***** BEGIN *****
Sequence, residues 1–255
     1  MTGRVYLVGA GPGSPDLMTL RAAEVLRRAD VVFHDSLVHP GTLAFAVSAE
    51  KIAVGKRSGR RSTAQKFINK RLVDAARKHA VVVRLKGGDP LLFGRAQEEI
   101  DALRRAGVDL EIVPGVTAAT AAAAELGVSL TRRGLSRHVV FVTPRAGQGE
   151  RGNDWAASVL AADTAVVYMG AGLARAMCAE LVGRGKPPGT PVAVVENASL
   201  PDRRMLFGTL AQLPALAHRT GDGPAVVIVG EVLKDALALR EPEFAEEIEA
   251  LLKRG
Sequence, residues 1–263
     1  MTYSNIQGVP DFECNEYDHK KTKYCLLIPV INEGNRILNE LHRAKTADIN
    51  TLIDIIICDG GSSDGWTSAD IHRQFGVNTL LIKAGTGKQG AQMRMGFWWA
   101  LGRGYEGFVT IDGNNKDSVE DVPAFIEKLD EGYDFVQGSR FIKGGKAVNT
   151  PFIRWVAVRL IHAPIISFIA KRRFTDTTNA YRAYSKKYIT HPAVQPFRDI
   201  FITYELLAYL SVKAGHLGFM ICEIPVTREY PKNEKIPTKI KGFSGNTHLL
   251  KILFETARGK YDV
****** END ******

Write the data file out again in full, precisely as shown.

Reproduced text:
Sequence, residues 1–255
     1  MTGRVYLVGA GPGSPDLMTL RAAEVLRRAD VVFHDSLVHP GTLAFAVSAE
    51  KIAVGKRSGR RSTAQKFINK RLVDAARKHA VVVRLKGGDP LLFGRAQEEI
   101  DALRRAGVDL EIVPGVTAAT AAAAELGVSL TRRGLSRHVV FVTPRAGQGE
   151  RGNDWAASVL AADTAVVYMG AGLARAMCAE LVGRGKPPGT PVAVVENASL
   201  PDRRMLFGTL AQLPALAHRT GDGPAVVIVG EVLKDALALR EPEFAEEIEA
   251  LLKRG
Sequence, residues 1–263
     1  MTYSNIQGVP DFECNEYDHK KTKYCLLIPV INEGNRILNE LHRAKTADIN
    51  TLIDIIICDG GSSDGWTSAD IHRQFGVNTL LIKAGTGKQG AQMRMGFWWA
   101  LGRGYEGFVT IDGNNKDSVE DVPAFIEKLD EGYDFVQGSR FIKGGKAVNT
   151  PFIRWVAVRL IHAPIISFIA KRRFTDTTNA YRAYSKKYIT HPAVQPFRDI
   201  FITYELLAYL SVKAGHLGFM ICEIPVTREY PKNEKIPTKI KGFSGNTHLL
   251  KILFETARGK YDV